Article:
mental health in the black community - black milk women


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Having mental illness in the black community is viewed to be a "white people thing". Frequently, the black community depreciated anybody mentally ill as being childish, not mighty enough and mostly attention-seeking. The black community, individually, these people need support. If black lives matter, so does our mental health. It is not a "white people thing". As strong as we are, as strong as we have to be; mental pain is real, and it matters too. 

Here is an up-to-date chat with some individuals about their backgrounds and insights on  mental illness in the black community and what they have to share: 



A necessary hardship

"Speaking of mental illness itself is a hardship because it still leaves traces of stigma around the appointee. Speaking of mental illness in the black community is twice more complicated. 

By historically, mental illness is difficult to assess in the black community because of its former connotation. Mental illnesses were theorized as a mean to incarcerate and institutionalize black men, hence the initial problem. How can we assess mental illness in the community when it is virtually non-existent or unspoken? As the conversation was dispersed from the community in order to empower itself, we were left behind on the newly emerging conversation. If the conversation is non-existent in the community, how can we assess mental illness in our community? If we cannot assess mental illness in our community, how can we encourage those with mental illness to come forward? If we cannot inspire those with mental illness to come forth, how will we help them? If we cannot help those with mental illness in our community, how will we prosper? Speaking of mental illness in the black community is a hardship, but how can we avoid it?"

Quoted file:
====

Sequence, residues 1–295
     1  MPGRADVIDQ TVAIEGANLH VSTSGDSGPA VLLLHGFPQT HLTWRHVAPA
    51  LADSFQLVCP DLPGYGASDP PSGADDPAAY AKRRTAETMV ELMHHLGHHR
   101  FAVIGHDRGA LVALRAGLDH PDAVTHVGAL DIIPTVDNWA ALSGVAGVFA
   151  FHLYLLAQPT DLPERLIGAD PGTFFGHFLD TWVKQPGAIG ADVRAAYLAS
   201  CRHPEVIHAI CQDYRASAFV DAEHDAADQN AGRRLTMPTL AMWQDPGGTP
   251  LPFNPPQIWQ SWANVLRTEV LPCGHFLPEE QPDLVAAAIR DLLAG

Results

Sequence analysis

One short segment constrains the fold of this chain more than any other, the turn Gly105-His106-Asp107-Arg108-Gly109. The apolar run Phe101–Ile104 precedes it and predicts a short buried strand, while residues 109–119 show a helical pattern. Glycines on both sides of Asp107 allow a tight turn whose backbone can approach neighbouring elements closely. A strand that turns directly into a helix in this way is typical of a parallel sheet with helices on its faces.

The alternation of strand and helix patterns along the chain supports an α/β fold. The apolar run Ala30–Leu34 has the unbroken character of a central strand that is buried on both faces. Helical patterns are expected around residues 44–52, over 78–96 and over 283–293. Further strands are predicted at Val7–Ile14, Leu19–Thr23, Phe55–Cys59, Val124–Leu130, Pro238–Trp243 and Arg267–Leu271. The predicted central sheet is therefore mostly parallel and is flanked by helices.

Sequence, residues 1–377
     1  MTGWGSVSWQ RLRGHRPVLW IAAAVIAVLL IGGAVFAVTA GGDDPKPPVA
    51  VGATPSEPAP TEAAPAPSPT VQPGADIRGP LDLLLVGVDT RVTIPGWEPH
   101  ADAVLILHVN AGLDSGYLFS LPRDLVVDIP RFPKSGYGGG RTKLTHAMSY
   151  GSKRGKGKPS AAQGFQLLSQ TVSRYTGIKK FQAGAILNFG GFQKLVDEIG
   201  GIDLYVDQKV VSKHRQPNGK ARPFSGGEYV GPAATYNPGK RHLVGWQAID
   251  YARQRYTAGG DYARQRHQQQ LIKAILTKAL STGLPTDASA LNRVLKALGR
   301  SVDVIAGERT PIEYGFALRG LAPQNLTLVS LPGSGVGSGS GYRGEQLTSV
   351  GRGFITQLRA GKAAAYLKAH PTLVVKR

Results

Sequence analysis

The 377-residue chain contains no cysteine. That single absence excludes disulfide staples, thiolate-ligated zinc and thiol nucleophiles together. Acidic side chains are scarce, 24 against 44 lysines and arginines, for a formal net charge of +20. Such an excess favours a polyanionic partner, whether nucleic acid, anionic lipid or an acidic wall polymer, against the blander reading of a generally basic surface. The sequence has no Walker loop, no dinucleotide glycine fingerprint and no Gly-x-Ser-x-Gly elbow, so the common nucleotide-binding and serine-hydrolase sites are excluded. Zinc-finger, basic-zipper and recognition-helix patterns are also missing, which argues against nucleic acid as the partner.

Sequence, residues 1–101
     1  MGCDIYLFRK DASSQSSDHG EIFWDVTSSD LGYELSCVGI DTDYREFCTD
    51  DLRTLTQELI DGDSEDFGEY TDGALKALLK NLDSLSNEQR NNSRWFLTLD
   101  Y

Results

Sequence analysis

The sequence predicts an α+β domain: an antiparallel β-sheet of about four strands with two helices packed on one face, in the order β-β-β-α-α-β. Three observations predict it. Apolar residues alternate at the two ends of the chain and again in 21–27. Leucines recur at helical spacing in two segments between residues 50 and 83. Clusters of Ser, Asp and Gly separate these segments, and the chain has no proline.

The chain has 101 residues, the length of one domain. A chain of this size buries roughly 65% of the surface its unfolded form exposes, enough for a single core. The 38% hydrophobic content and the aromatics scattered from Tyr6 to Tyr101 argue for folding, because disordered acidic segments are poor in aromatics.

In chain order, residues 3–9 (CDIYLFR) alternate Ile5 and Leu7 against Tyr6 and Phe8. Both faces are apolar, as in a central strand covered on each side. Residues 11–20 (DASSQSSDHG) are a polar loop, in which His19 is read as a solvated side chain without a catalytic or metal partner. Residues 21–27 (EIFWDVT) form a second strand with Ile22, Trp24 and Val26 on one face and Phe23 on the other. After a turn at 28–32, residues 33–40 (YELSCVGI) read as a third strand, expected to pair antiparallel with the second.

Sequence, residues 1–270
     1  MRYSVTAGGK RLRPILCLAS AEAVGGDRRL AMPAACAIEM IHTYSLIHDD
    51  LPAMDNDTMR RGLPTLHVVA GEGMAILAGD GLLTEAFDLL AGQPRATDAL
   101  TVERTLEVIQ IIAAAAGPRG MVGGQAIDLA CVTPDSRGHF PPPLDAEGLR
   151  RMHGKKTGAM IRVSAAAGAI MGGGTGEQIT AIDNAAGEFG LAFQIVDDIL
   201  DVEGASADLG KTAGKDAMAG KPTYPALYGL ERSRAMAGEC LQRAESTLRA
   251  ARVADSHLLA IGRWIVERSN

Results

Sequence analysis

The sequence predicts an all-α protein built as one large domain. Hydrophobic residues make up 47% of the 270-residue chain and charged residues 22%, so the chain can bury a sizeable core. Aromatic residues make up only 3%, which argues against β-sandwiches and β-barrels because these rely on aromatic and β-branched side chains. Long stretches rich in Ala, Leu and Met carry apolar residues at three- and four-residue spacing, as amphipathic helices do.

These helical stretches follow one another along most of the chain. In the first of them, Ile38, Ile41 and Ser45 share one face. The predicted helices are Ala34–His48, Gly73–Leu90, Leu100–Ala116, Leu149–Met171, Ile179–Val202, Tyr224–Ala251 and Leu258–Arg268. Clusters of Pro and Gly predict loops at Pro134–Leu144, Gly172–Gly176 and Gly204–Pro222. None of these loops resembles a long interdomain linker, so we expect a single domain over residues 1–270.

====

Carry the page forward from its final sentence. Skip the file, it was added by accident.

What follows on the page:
- Alexandre Vachon

Our mental illness is not who we are

"I suffered from clinical depression, as long as I could remember. At the early stages of my teenage years, I think in middle school when I was 13. It was extremely painful. Every day I was at war with myself because I was battling with my heart and it was like hell! Due to people ripping my heart apart whenever they wanted to. It drove me to the point of me
feeling like of separating myself and I am better off without them because I was being mistreated of my own kindness and for my well being. I was being bullied, I had to fight for my life just to see another day. They left me frightened, mentally and physically because they made me feel like I wasn't good enough, they made me feel like I wasn't human but invisible to the world in which caused me to be alone and depressed with no one to talk to, in school. No one to share waves of laughter with. No one to share the same common interests with. Although I had relatives and siblings, I never told them about what I was going through. They wouldn't believe that a black teenager was suffering from depression because it's uncommon for a black parent to hear their own child going through depression so they would easily disregard and take it as a joke. That made it, even more, harder for me to push through middle school all the way into high school.